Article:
by Robert Stewart, Director; Professor
If you’ve followed the Dan Rather saga over the years, you may have wondered what Rather would have to say about the considerable twists, turns, ups, and downs in his career.
How did he account for the so-called “phony” Killian memos about Bush #2 and the Texas Air National Guard? What motivated Rather to file suit against long-time employer, CBS News? And how the heck did he hook up with Mark Cuban to create Dan Rather Reports on HDNet?
If learning his version of the back story on these and other Dan Rather stories interests you, look no further than Rather Outspoken, My Life in the News. As the title promises, these 250+ pages provide Rather the opportunity to reflect on his career in the news business, while also delving into the many publicized instances when Rather became the news.
Perhaps most intriguing are the Texas-size zingers aimed at former bosses and colleagues – some named, some not – at CBS News, the network itself, and especially Viacom, the mega company that owns CBS.
A strength of the book, indeed the main reason to read it, is to get Rather’s “take” on the several major stories that he not only covered but helped shape. Rather’s reporting on George W. Bush’s extended absence from Texas during the period of his Texas Air National Guard service ultimately landed the CBS News anchor in hot water with CBS brass.
Which became a bigger story than the fact that the sitting president may have gone AWOL during the Vietnam War. Only Rather could generate that kind of firestorm.
How could that happen? Simple, according to Rather: His previous (and highly visible) tête-à-têtes with Republican presidents – Bush #1 (remember Iran-Contra vs. the six minutes of “black” following a tennis match kerfuffle on the Evening News?) and Richard Nixon (remember Nixon asking Rather in a press conference if he was running for something, to which Rather shot back, “No Mr. President, are you?”). America’s right wing wanted to make Dan Rather pay for his “attacks” on high profile Republicans.
Rather devotes an entire chapter to a lament about the changing realities of media ownership in the U.S., whereby one company can own many, many more media outlets than would have been allowed before President Ronald Reagan deregulated broadcasting during his two terms. Today’s media environment is all about money, according to Rather.
Once upon a time, the leadership at CBS would have stood behind the journalists at CBS News, Rather argues, because they cared about more than just the bottom line. No more. Not since Viacom took over and cozied up to Congressional Republicans wielding power over the FCC, which in turn shaped policy that directly affected Viacom’s bottom line. In a world now dominated by Big Media, he had become a Big Problem for what once was William Paley’s “Tiffany Network,” by Rather’s reckoning.
I found it quite startling when Rather Outspoken lapsed into speculating in a way that Rather wouldn’t have dared when reporting as a daily journalist (e.g., Rather speculates that his reporting about prisoner abuses at Abu Ghraib a “political embarrassment” for Viacom).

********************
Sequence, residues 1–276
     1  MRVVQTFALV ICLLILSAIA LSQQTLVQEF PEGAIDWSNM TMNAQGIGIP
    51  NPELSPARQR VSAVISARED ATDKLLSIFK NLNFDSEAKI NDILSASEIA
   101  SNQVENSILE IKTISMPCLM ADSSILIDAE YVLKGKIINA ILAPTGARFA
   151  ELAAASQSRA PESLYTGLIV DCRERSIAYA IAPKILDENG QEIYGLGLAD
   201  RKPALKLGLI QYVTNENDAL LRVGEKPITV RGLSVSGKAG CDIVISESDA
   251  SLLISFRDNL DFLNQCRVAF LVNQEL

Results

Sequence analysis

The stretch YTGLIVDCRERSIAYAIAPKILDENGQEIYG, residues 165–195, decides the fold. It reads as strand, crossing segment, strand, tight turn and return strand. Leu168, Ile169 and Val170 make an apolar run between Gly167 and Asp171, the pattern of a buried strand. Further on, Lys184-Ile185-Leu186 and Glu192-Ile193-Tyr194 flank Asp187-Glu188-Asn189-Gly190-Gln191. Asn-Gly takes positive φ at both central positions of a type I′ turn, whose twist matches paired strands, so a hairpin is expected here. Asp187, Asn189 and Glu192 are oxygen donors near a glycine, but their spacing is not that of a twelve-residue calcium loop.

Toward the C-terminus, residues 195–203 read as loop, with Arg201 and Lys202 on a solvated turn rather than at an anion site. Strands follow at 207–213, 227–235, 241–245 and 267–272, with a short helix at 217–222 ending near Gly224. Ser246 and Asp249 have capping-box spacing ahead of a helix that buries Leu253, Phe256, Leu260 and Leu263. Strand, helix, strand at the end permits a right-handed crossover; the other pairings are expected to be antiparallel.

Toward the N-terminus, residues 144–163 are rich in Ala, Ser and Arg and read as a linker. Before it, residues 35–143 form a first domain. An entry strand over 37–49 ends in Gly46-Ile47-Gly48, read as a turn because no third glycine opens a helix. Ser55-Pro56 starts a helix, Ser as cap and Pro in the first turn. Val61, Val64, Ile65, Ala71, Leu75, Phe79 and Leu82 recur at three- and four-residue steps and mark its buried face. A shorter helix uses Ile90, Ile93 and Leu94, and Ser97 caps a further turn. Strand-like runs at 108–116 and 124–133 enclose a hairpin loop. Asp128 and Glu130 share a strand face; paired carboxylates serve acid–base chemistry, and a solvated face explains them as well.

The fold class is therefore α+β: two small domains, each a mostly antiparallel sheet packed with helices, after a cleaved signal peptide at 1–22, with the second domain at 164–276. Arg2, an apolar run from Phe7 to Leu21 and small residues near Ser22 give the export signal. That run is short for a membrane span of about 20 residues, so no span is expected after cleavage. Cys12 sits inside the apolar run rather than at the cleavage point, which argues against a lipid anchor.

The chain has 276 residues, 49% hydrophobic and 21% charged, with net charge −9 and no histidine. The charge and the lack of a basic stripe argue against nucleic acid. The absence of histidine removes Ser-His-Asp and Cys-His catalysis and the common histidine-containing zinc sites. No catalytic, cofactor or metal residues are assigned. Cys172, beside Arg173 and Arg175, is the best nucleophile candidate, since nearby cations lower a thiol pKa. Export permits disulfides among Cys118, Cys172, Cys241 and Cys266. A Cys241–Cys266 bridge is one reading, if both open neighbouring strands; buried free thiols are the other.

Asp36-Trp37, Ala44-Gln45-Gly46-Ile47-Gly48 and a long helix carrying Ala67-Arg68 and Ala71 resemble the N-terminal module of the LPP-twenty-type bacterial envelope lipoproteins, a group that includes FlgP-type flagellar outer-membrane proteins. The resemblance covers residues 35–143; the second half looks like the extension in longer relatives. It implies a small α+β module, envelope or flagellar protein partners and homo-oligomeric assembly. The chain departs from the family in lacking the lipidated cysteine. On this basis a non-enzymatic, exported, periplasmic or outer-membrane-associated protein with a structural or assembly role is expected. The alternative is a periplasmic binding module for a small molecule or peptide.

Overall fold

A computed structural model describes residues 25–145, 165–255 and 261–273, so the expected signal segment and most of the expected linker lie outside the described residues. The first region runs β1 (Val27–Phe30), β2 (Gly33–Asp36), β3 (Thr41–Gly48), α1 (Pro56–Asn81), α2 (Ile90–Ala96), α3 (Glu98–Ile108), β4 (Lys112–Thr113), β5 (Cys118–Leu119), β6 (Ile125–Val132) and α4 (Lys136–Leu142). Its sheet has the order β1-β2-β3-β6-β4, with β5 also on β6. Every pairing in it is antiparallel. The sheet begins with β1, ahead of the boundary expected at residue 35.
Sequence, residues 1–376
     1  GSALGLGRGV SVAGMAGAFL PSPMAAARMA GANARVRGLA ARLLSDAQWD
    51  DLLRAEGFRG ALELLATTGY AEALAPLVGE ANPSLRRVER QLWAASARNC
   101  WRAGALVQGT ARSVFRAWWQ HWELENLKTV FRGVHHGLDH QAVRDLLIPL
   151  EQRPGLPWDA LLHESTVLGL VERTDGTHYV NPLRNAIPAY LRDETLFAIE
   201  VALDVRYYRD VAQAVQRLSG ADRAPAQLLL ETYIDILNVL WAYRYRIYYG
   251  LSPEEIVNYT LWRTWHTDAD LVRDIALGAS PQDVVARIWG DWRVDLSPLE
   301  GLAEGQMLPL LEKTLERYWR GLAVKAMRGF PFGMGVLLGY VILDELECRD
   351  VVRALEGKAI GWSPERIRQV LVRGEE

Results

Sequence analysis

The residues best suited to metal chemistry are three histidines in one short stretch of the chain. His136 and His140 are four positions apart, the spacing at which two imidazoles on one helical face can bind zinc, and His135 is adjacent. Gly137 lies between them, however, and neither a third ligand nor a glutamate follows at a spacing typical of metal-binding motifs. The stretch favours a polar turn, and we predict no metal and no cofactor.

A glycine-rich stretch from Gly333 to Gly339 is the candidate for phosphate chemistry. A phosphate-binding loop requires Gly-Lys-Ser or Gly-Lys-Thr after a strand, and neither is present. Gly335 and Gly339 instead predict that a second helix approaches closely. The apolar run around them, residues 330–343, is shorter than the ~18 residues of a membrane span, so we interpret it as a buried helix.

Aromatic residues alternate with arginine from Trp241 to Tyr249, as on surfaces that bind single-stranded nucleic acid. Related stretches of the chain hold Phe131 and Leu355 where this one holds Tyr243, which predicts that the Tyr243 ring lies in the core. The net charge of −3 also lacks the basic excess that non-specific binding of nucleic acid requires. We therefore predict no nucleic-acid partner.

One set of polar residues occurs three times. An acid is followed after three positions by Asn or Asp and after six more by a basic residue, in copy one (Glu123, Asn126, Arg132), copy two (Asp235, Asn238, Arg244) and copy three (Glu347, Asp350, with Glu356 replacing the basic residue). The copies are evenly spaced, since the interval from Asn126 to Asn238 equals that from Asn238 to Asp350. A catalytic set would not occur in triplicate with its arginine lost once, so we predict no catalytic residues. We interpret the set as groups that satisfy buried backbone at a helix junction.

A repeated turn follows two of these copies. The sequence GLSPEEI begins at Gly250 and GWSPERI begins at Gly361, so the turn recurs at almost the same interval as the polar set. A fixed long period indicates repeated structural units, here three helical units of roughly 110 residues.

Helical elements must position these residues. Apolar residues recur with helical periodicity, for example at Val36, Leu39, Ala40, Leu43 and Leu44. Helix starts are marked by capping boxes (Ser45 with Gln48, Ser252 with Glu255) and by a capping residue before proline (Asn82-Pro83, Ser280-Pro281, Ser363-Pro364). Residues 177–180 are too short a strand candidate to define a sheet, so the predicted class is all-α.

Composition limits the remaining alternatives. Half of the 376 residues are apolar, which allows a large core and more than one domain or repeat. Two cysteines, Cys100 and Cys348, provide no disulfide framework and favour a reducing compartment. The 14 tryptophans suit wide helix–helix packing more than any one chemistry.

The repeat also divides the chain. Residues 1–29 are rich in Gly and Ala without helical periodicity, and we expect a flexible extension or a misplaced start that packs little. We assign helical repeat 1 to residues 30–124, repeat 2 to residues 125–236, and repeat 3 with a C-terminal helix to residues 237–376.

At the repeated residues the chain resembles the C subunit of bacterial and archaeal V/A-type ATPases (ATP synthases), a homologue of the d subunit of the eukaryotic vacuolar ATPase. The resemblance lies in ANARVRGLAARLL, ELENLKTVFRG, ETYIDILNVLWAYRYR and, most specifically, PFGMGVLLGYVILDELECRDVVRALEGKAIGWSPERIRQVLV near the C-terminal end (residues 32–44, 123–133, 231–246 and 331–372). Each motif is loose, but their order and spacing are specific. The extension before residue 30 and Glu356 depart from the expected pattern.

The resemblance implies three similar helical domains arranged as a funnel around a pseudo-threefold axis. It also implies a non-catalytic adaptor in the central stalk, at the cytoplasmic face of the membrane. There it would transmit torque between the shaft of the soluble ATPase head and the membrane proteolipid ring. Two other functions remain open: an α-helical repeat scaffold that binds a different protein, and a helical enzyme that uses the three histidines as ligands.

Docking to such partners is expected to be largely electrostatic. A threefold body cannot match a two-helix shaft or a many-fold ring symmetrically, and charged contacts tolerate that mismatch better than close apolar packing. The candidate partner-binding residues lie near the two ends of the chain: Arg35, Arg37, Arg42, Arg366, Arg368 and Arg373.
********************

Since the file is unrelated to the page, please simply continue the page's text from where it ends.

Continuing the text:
Even more perplexing was his widespread use of direct quotes sprinkled all through the book, quotes purportedly from conversations that had occurred as far back as his childhood days in Houston. To most journalists, a quotation is reserved for exact phrases, perhaps cleaned up to eliminate extraneous ums and other awkward pauses. Unless you have the notes or a recording, just paraphrase the source and leave off the quotes.
When I sat down to read Rather Outspoken, I have to confess that I wasn’t a big Dan Fan. I found some of the book – like the man – off-putting, corny, overly preachy, and yes, defensive. And in fact, Dan Rather made a lot of money as an anchor for CBS Evening News over the years. He benefited from a system that paid big salaries to a hand full of media stars. Now he’s complaining about a system where there’s too much emphasis on money? Right.
Having said that, I came away from Rather Outspoken being more “fan” than “critic.” Oddly enough, I found that Rather Outspoken not only yielded many gems, even insights, but it also entertained me with its heavy doses of over-the-top, Texas-style folksy talk, a not always appreciated Dan Rather trademark.
My favorite (of many, many) was his description of his head-over-heels reaction to meeting his bride-to-be, Jean: “The spark was there right from the beginning – bingo bombshell holy smoke.” Uh, come again?
In sum, Rather Outspoken was more fun than an Archie comic book. And yes, worth the read. Don’t let the sermonizing distract you from the sermon, and don’t let the defensiveness divert your attention from the valuable backstory about the last forty years of network TV news that Dan Rather writes about in Rather Outspoken.
NOTE: Back in April I was approached by Dan Rather’s publicist about his forthcoming book. She wanted to see if I would be interested in writing a review of Rather Outspoken in this space. With all of the end-of-school-year craziness and a trip out of the country at the beginning of summer, the review had to wait. I finally was able to read Rather Outspoken on the flight to and from Germany. Sorry it took so long, Dan.